Thanos Moschopoulos: So just to clarify, if you look at maybe the discrepancy between the growth through guiding for SaaS revenues, this year versus what you’ve done historically and versus your 30% long-term aspiration. Would it be primarily that very large enterprise that would be the main factor and then just directionally has that gotten any better or worse in recent weeks?

John Sicard: Yeah. So, overall, we’re going to have a different mix than we anticipated to get to where we are. We need our mid-market, we need our SMB to grow faster than enterprise and large enterprise just because of the nature of how many customers we have or the customer profiles we have right now for those size of customers. But as large enterprise we expected to keep coming, but they’re still in our pipeline it’s just a matter of they’ve been sitting in our pipeline longer than we had seen in 2022.

Thanos Moschopoulos: All right. I’ll pass the line. Thanks.

Operator: Your next question comes from the line of Doug Taylor with Canaccord Genuity. Your line is open.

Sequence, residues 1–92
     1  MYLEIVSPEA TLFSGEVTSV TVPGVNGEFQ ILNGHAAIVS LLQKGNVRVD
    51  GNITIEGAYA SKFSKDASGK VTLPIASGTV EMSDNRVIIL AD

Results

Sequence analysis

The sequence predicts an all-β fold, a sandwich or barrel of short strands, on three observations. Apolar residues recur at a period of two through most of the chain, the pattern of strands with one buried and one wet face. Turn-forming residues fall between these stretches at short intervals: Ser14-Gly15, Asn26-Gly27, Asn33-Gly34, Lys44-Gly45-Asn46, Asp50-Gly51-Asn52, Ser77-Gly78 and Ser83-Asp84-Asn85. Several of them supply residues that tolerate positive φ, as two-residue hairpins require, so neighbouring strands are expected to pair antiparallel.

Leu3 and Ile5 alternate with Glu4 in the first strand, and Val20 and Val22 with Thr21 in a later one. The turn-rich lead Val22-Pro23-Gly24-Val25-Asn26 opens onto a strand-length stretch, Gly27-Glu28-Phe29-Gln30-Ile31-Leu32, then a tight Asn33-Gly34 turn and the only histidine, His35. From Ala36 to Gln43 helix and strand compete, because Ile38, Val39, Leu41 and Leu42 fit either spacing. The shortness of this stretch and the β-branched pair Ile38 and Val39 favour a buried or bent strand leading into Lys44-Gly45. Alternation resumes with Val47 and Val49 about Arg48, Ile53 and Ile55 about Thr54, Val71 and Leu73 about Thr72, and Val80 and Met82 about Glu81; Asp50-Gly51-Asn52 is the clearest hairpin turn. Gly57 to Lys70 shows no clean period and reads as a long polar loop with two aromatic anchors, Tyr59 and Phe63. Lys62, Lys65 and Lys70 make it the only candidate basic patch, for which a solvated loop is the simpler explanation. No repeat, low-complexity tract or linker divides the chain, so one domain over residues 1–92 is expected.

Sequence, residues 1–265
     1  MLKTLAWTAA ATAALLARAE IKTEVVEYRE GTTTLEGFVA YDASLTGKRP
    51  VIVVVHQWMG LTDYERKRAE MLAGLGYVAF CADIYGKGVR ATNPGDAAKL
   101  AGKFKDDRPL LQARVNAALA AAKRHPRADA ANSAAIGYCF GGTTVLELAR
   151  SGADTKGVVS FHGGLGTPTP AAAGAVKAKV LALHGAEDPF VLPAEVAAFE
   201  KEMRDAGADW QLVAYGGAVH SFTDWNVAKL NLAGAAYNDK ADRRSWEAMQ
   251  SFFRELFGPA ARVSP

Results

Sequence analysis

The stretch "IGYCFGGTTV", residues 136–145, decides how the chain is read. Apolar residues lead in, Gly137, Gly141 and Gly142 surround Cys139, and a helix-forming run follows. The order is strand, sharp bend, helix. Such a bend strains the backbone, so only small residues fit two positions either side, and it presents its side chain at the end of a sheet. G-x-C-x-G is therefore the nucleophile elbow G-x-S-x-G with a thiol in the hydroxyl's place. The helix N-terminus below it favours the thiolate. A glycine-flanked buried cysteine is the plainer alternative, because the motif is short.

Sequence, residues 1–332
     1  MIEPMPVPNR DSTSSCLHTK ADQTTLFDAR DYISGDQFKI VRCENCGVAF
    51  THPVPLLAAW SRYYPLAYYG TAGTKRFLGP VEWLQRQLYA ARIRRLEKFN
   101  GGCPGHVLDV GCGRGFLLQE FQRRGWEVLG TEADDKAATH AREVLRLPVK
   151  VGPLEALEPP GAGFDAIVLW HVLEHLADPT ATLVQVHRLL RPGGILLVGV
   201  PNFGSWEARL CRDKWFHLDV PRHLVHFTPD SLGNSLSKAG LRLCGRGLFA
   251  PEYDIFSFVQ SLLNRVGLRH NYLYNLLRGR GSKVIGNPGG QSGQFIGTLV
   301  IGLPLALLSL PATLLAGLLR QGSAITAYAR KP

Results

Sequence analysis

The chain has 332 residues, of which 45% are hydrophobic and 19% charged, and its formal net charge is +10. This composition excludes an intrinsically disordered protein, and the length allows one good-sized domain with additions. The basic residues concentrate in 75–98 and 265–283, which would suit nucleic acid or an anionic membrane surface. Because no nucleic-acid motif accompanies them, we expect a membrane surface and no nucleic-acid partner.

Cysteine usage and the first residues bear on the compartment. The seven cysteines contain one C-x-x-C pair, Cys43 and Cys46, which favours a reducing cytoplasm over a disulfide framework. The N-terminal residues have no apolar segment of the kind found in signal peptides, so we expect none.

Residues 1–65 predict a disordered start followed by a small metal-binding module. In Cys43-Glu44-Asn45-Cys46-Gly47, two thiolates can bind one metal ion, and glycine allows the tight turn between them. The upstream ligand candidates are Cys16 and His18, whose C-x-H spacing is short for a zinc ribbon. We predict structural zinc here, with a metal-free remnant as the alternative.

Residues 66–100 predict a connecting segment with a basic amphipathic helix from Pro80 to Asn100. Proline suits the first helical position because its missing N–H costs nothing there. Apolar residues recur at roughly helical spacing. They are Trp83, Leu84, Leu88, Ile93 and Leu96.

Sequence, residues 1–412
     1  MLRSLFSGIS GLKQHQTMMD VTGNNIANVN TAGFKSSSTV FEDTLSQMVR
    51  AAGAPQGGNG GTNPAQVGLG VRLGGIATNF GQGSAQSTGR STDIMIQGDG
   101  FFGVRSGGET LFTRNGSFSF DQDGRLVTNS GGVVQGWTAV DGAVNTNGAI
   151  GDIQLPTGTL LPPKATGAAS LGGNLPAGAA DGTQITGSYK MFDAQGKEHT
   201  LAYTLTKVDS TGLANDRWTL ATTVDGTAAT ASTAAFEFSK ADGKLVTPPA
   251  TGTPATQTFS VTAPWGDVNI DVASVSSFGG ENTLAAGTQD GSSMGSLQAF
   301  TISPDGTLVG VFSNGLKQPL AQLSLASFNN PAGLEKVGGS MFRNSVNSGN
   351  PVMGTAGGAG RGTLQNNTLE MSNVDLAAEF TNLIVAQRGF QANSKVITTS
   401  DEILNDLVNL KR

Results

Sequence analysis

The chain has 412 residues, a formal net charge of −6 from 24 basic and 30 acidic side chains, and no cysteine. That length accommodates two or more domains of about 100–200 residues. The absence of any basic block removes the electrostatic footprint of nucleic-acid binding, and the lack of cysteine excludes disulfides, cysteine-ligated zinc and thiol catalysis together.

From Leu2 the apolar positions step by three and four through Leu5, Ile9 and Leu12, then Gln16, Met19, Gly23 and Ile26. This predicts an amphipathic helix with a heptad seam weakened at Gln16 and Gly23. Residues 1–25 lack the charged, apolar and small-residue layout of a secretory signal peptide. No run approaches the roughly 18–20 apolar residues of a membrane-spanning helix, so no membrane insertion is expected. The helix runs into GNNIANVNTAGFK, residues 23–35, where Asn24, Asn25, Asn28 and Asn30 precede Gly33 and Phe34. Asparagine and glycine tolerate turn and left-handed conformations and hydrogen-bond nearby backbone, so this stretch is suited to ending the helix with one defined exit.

Doug Taylor: Yeah, thank you. Good morning. I appreciate the detail you provided on Slide 13 with respect to the normalization of your costs. Blaine, a couple of questions here on the public cloud transition. I believe last time you said you were ahead of schedule. Can you update us on the status of the migration and perhaps speak to when, if at all, over the course of this year, we’re going to see the pressure from those duplicate costs start abating, if at all?

Blaine Fitzgerald: Yeah, good question. So, overall, I think we’re on track and you’re right. I would say in Q2, we got a little bit ahead of our skis and we’re migrating faster than even what we would plan and what we wanted. Obviously, there’s an optimal time to do the transition and to do the migration, so that we can offload some of our costs at the right time that come from the private cloud and then, obviously, turn it up on the public cloud side. But there’s also the optimization that you have from the cost that you have with either GCP or Azure that we are going through, obviously, a process of decreasing that unit cost and unit economics over time. What we’ve done is we’ve actually looked at region by region, and we have the first region that is, which should be 100% migrated over, will happen in 2024, and that will be probably the APAC region. From there, we’re obviously looking at EMEA and North America to come online as well. But what we’re trying to do as much as possible is make sure the economics make sense for this migration so that we can actually reduce the duplicate of costs, but also make sure that we do that in an optimized fashion.

Doug Taylor: Okay. So in that, are you saying then that, even with the 6% public cloud normalization that we see here for fiscal 2024, that is inclusive of some relief on to some degree by the end of the year?